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  1. #1
    Member rt1965's Avatar
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    Changing Batterey on my HRM...

    I have a Polar F55 HRM that I use for non-cylcing excercise. I don't use it in water and it's long past being under warranty. Any issues with me changing the battery myself? Thanks for any advice.
    Trek Pilot 5.2
    Trek 930

  2. #2
    Senior Member AnthonyG's Avatar
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    I'm not familiar with the Polar heart rate monitors but I would suggest that the first issue you will face is do you have the watch tool to open it up?

    I have a Sigma heart rate monitor which is supposed to have a user replaceable battery but this doesn't mean that just anyone has the right tool lying around at home to do the job. The good news however is that I took the unit down to a regular watch place that replaces batteries and they had the job done in a couple of minutes for not that much money.

    Anthony

  3. #3
    Member rt1965's Avatar
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    The Polar F55 has a removable back that is held on by 4 screws, so yes, I can take it off. Just wondering if anyone has done it and if there is anything I should look out for?
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  4. #4
    It's ALL base... DScott's Avatar
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    I just did this on a Polar F6 unit- the four screws are not the problem, unless you drop one.

    The battery is held under a metal clip contraption that's quite fidgety. Just go at it easy, gently prying each corner of the clip up and try not to bend anything in the process.

    Keep all the pieces organized as you take it apart, and be sure you can put it all back together in the right order without bending anything or introducing any fingerprints or dirt to the inside of the unit.

    It's entirely do-able if you have any mechanical skill and some patience. Otherwise, it might be worth a few bucks to have the local watch people take care of it for you. There's no need to send it back to Polar, unlike the strap when it needs replacement.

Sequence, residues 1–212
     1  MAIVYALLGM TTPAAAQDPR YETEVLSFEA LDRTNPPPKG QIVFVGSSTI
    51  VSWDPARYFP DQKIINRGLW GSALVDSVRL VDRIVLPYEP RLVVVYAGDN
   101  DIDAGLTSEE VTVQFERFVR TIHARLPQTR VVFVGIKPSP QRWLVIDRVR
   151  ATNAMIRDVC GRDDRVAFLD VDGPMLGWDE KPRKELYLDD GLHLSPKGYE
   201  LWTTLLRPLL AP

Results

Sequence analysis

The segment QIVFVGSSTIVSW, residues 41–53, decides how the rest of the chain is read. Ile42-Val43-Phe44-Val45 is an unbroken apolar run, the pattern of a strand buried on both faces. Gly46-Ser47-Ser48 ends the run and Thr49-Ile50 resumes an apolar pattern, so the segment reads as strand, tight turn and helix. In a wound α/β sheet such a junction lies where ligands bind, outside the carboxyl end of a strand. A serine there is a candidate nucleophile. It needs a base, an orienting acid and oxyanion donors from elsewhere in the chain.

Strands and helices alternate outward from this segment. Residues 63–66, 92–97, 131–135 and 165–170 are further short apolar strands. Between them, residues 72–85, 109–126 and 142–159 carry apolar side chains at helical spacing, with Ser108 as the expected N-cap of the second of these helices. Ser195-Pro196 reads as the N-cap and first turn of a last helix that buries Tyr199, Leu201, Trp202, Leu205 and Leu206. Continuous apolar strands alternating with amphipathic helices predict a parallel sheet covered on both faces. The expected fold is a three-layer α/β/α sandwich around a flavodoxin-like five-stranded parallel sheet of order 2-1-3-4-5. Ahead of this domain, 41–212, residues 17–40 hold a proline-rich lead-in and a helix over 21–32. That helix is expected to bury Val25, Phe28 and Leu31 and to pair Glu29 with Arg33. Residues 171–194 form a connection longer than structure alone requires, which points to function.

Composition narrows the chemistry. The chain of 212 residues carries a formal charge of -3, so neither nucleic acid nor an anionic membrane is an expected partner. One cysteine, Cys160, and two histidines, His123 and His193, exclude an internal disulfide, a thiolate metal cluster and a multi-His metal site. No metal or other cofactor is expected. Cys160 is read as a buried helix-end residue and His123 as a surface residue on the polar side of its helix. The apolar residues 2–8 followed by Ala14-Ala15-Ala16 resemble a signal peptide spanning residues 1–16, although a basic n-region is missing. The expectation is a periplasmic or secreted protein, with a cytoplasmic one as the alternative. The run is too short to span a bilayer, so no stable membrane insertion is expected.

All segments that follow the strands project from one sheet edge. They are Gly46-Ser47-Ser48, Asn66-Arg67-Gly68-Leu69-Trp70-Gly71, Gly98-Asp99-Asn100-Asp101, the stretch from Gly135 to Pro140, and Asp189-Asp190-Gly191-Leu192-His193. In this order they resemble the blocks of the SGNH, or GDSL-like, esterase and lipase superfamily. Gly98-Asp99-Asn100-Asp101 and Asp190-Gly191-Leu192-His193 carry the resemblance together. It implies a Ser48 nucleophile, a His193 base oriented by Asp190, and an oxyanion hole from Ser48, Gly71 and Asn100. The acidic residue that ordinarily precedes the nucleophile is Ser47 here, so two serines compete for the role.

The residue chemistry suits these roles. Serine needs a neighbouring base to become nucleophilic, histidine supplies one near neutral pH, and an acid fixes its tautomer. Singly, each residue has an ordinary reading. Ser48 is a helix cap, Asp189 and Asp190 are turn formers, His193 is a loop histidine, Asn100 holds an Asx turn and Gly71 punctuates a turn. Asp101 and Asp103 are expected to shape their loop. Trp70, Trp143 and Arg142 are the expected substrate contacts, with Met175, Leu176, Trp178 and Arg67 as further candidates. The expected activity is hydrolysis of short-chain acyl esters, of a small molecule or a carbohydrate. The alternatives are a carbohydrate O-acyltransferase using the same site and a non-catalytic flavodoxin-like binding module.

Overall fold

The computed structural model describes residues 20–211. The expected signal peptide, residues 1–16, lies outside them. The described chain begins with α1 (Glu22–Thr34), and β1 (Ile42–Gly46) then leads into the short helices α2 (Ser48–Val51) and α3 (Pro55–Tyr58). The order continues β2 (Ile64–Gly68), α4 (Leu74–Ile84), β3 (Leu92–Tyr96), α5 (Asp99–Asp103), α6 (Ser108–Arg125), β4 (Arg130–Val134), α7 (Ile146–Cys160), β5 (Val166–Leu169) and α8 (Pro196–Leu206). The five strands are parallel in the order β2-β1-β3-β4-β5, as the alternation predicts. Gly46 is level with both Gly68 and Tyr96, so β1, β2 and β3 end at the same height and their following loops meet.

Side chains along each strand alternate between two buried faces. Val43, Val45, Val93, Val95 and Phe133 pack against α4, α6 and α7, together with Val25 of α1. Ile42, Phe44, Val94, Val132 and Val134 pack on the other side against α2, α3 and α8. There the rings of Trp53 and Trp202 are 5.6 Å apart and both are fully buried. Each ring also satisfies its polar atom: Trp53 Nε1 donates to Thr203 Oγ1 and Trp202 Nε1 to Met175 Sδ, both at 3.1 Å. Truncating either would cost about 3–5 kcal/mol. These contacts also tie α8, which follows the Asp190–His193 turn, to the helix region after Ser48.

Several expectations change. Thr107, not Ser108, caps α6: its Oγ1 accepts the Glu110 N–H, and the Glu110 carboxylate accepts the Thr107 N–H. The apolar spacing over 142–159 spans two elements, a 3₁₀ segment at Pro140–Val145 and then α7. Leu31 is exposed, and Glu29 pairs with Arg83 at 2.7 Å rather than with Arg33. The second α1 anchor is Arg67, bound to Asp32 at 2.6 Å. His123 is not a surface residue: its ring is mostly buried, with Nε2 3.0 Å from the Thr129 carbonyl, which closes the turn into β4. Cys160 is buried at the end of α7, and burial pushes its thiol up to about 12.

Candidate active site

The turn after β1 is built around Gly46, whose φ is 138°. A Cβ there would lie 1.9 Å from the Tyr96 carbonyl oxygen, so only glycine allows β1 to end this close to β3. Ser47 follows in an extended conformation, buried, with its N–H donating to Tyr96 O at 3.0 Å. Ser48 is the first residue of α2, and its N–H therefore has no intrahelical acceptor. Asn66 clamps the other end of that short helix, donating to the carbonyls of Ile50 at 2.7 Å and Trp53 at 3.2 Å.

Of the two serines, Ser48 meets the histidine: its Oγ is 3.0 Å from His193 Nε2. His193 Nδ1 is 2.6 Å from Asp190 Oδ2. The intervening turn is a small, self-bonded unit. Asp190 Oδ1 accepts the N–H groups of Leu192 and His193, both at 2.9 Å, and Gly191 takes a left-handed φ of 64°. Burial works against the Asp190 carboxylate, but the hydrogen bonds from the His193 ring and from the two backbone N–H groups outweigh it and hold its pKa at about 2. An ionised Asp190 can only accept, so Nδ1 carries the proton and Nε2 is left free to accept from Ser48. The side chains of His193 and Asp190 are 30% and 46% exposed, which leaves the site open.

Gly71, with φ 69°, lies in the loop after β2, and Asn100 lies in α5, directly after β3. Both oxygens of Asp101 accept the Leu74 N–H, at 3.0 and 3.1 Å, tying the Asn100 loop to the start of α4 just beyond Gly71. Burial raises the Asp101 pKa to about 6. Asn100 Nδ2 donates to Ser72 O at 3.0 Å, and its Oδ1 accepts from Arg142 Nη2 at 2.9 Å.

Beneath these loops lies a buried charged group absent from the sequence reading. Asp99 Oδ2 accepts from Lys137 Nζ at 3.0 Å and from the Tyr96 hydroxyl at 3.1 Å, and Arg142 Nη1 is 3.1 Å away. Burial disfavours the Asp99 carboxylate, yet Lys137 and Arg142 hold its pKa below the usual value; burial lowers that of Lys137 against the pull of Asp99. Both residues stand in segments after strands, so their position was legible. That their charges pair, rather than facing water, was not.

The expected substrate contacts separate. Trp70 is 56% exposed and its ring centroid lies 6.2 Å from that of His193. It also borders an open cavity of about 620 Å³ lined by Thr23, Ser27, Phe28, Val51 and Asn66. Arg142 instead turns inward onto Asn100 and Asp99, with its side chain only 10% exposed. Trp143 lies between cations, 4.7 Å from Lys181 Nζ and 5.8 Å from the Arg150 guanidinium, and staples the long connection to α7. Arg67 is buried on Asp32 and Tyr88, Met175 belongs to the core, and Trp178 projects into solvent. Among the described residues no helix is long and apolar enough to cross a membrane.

Good luck!

  5. #5
    Member rt1965's Avatar
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    Quote Originally Posted by DScott View Post
    I just did this on a Polar F6 unit- the four screws are not the problem, unless you drop one.

    The battery is held under a metal clip contraption that's quite fidgety. Just go at it easy, gently prying each corner of the clip up and try not to bend anything in the process.

    Keep all the pieces organized as you take it apart, and be sure you can put it all back together in the right order without bending anything or introducing any fingerprints or dirt to the inside of the unit.

    It's entirely do-able if you have any mechanical skill and some patience. Otherwise, it might be worth a few bucks to have the local watch people take care of it for you. There's no need to send it back to Polar, unlike the strap when it needs replacement.

    Good luck!
    Thanks for the advice. Luckily I have one of the straps that can be changed without having to send it in, but not the watch unit. I think I will give it a go.
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  6. #6
    Because I thought I could ks1g's Avatar
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    Make sure you have the right battery. When I replaced the battery in my 720 (not a swimmer, so full water proofing not a requirement), the Nuon brand battery of the exact diameter and thickness did not fit. Turns out the Panasonic brand cell has a slight beveling and the battery compartment in the 720 requires it. The local BatteriesPlus had it and even let me borrow tools and a magnifier to do the job in the store. Your results may vary - try a search to see if someone has posted on your model HRM.

    Here are two threads on the subject. How To: Replace Polar HRM battery Polar HRM - battery replacement

  7. #7
    Member rt1965's Avatar
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    Thanks ks1g for the tips on the Panasonic battery. Haven't tackeled it yet, but will probably get to it this week.
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  8. #8
    Senior Member tntyz's Avatar
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    I have a Polar F1 (?) and could not find a battery at any of the local watch battery locations. Did find it at Batteries Plus.

    The metal clip has a catch mechanism that open real easy once you see where to put the tip of your (very small) screwdriver. Be careful not to force it! I watched in horror as a clerk at on store went at it with great vigor. I told her to lighten up and let me do it.

    It's an easy job. Don't really know why Polar wants to void the warranty if you do it yourself, but that's their policy. It's out of warranty, so diy for $4 sounds like the route to go.

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